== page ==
“Carve… into the hearts of our jubilant youth the blossoming and fragrant love of country which we inherited from our forebears, and hence awaken them to follow the footsteps of him who, without second thought, risked his life and property for the aggrandizement or restoration of the past glory of our Motherland.” This is how our hero Gen. Artemio “Vibora” Ricarte sees the importance of memorializing our heroes. In today’s trying times when we are forgetting the meaning of heroism, blinded by ignorance and misinformation, it is our duty to heed Ricarte’s call: to enlighten our fellow Filipinos to the deeds of genuine heroes. Gen. Antonio Luna, an example of such, agrees with his contemporary when he wrote: “Is it not more humane, for you who know this society and its dangers, to guide our countrymen who have strayed from the true path than to abandon them by themselves? Would it not also be the duty of a fellow countryman?”
As if in compliance to the appeals of Ricarte and Luna, the National Historical Commission of the Philippines (NHCP) will open a free-access travelling exhibit in honor of two of our heroes in celebration of their 150th birth anniversaries. These two are none other than Artemio Ricarte and Antonio Luna themselves. The exhibit, titled “A Tale of Two Generals,” will be formally opened on 25 November 2016 at the NHCP central office. The exhibit encapsulates the lives and deeds of Ricarte and Luna, and by memorializing them, the exhibit aims to communicate to Filipinos, particularly the youth, the values and convictions that these two heroes lived by and died for.
In addition to the narrative, the exhibit features interesting and rare pictures and artifacts related to Ricarte and Luna. The story of their early lives is accompanied by extraordinary photographs of schools where they studied, and actual and facsimiles of books used during Spanish times. Luna’s works during his reformist days – Impresiones, El Hematozoario del Paludismo, and his articles in La Solidaridad – are reproduced from Spanish libraries. Little known Tagalog poems that Ricarte wrote since the 1896 revolution are also displayed in the exhibit. As a consequence of the revolution, Luna, initially a reformist, was incarcerated and deported to Spain as documented by handwritten letters.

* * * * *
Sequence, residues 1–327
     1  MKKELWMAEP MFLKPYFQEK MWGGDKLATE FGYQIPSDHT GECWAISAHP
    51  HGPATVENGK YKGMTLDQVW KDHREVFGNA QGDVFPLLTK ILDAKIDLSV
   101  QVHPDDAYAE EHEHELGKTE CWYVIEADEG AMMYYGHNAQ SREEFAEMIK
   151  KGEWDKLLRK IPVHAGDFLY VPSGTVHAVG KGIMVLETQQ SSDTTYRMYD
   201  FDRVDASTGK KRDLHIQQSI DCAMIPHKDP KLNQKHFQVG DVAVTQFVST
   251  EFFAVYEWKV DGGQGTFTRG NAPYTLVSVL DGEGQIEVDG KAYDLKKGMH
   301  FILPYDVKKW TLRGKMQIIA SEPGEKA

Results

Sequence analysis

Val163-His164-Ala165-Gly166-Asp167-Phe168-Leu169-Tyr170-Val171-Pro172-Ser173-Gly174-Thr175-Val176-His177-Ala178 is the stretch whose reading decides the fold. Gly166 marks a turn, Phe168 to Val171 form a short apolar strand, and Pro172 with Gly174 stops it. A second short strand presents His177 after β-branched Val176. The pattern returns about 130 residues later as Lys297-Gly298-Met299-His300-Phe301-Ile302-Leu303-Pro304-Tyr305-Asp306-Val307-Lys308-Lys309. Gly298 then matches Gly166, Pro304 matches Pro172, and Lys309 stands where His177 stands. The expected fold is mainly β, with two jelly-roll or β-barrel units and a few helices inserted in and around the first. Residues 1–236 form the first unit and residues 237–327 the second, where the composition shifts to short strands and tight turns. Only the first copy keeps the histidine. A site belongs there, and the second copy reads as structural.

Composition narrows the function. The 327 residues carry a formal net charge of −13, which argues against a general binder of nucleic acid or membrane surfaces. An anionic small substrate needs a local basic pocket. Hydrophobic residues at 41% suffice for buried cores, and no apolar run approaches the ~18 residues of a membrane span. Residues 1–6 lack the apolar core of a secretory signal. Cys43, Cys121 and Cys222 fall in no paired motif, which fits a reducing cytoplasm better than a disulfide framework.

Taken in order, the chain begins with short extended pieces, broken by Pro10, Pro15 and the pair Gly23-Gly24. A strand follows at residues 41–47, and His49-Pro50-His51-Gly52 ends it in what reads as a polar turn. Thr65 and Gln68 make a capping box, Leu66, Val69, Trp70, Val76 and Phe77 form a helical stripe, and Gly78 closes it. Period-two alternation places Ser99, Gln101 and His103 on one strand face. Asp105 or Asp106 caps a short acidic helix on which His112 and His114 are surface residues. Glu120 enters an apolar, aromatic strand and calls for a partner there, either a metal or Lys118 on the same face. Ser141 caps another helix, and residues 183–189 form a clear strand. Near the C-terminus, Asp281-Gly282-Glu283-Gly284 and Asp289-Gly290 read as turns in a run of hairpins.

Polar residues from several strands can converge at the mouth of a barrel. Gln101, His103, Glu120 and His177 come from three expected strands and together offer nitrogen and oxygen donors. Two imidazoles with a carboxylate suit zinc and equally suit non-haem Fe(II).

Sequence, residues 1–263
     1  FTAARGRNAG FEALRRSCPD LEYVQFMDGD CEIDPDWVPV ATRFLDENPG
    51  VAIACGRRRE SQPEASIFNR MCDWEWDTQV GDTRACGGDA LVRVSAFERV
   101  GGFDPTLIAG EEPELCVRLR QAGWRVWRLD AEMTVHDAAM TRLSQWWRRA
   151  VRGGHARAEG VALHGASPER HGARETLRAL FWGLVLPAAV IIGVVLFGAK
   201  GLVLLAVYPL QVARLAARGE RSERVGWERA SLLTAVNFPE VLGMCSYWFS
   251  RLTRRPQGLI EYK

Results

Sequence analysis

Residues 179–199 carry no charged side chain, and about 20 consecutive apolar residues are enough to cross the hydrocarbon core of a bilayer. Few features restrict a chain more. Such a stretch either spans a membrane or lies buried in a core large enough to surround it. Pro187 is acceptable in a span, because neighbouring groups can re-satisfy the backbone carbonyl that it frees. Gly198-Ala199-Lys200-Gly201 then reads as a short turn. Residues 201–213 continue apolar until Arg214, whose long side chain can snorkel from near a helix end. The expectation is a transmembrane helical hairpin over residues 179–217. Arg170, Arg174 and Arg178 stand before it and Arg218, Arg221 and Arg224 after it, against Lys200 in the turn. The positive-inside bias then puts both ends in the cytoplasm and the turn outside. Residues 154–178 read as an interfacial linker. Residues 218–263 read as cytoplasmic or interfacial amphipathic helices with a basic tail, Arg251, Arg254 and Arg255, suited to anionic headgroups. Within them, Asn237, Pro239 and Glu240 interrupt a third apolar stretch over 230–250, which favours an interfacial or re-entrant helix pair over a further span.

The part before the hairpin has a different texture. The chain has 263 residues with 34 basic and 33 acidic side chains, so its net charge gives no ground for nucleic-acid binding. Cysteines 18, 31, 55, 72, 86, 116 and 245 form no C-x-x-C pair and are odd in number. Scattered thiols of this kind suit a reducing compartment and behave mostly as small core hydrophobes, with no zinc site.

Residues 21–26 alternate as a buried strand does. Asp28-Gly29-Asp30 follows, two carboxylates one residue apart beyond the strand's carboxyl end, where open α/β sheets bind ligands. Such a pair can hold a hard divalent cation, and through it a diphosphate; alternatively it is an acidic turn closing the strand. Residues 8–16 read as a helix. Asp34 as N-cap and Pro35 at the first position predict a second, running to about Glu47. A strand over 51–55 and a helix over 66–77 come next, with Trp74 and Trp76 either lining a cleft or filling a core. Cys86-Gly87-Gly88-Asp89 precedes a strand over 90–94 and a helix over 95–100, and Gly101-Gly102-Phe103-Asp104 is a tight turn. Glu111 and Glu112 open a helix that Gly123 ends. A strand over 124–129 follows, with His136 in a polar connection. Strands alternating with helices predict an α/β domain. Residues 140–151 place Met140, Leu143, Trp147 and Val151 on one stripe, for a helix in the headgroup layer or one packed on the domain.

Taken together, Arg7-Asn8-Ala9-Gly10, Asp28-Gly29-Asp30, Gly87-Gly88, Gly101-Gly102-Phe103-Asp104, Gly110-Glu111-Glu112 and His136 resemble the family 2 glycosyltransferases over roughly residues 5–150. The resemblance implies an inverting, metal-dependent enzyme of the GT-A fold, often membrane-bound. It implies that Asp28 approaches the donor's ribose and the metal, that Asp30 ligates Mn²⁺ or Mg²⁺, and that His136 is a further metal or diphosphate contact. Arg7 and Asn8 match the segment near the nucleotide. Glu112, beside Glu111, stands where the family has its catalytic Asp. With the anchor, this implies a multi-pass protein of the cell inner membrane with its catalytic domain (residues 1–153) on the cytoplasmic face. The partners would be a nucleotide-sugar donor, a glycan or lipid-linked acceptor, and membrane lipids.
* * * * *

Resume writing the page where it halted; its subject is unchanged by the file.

Despite their differences beforehand, both Ricarte and Luna adamantly defended our newly established independence from the Americans since 1899. A large map of Luzon is on display where these two generals led the Filipino forces into battle. Actual rayadillo uniforms and Mauser rifles, along with pictures of battles, will give visitors a more realistic perspective of the war against the United States. Facsimiles of Luna’s orders, most famous is his “articulo unico,” will show how he maintained discipline among his soldiers.
The war, unfortunately, ended tragically for both Ricarte and Luna. Letters from the Philippine Revolutionary Papers give more detail on Luna’s death at the hands of fellow Filipinos owing to his intransigence. Ricarte, on the other hand, lived on and continued his bitter struggle. His draft constitution, letters on filipinization and other writings are all manifestations of his sincere love of country. The blend of holistic narratives and rare visuals and artifacts will surely interest and educate visitors on the lives and deeds of our heroes in the persons of Ricarte and Luna.
After its formal opening, the travelling exhibit will remain at the NHCP building until the end of 2016. It will be transferred and displayed in various NHCP museums and other institutions afterwards.